it. In my judgment, Sir, a due regard to republican principles, to the spirit of the Constitution, and to the rights of the people as committed to their representatives, would demand of us to forbear from making appropriations which should render the Executive independent of the Legislative department in the prosecution of this war, not merely beyond December next, when the new Congress would regularly be assembled, but even beyond the earliest day at which that Congress could be con. vened under a call from the President.

I have no fancy for extra sessions of Congress. Nothing would be less convenient or less agreeable to myself personally than to be called here in June or July. But it is not what you or I might find agreeable or convenient, that we are called on to consider at such a moment as this, but what the principles of the Constitution and the interests of the country require.

Still less are we at liberty to shape our legislation according to the likings or dislikings of the President. I have no idea that the President desires us to leave him under any necessity to summon a new Congress. He has given abundant evidence of his disposition to do without Congress altogether. A more edifying chapter will never be found in our history, than that which shall fully and faithfully record the encroachments of the Executive upon the Legislative authority during the two last years. The first march of the American army across the Sabine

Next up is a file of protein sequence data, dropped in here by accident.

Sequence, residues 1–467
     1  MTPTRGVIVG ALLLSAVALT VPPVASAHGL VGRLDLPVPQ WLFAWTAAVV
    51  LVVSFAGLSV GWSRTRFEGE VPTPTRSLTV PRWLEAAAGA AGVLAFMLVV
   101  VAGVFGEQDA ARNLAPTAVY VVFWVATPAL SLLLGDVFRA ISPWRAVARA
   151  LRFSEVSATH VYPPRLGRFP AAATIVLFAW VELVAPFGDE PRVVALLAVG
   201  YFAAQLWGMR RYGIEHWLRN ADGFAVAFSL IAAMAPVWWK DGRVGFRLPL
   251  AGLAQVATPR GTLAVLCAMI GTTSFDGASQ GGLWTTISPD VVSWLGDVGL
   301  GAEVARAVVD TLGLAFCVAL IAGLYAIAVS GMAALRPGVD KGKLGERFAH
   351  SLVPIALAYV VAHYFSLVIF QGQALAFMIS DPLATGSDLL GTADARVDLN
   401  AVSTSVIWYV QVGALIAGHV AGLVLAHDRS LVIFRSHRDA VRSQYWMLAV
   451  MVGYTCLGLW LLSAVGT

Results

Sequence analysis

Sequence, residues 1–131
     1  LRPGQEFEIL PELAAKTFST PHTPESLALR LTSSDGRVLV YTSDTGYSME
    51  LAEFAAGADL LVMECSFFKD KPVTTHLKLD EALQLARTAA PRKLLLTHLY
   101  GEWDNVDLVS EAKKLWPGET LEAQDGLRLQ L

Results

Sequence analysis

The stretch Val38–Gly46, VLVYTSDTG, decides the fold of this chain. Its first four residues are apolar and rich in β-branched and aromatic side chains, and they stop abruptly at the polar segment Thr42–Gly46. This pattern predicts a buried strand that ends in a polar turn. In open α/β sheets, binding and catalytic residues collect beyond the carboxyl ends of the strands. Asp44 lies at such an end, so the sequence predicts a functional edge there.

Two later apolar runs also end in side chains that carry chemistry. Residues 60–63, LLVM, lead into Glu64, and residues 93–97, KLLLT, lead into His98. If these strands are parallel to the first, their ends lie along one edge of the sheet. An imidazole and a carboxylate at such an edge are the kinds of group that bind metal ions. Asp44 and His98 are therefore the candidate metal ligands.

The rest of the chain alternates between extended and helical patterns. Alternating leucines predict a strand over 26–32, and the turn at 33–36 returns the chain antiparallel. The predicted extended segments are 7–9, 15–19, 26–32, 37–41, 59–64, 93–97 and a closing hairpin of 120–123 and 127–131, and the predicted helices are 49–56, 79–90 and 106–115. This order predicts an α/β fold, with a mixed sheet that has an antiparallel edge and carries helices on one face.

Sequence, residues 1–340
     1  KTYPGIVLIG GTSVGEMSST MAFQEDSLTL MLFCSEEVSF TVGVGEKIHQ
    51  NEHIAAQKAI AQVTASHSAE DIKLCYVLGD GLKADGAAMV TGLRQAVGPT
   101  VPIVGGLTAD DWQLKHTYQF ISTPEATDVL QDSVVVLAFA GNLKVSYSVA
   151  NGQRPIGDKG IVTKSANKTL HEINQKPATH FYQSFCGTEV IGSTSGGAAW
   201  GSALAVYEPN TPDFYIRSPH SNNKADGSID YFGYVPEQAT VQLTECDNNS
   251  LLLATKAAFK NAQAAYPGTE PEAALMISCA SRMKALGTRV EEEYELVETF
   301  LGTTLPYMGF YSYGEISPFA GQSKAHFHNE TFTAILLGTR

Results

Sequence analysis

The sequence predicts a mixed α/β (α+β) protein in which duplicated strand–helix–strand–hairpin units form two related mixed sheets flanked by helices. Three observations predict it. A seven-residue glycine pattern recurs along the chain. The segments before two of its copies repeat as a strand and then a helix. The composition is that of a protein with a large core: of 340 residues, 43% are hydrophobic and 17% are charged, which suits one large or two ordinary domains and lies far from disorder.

where was the constitutional power of the President to direct that? The annexation of Texas to this Union was not then consummated. Six months were yet to elapse before that act was to be completed. Doubtless this Government had incurred some obligation to defend Texas from the consequences to which that measure had exposed her. But that was an obligation for Congress to recognize — for Congress to provide for. The President, however, determined to do without Congress, and took the responsibility of marching our armies into a foreign country.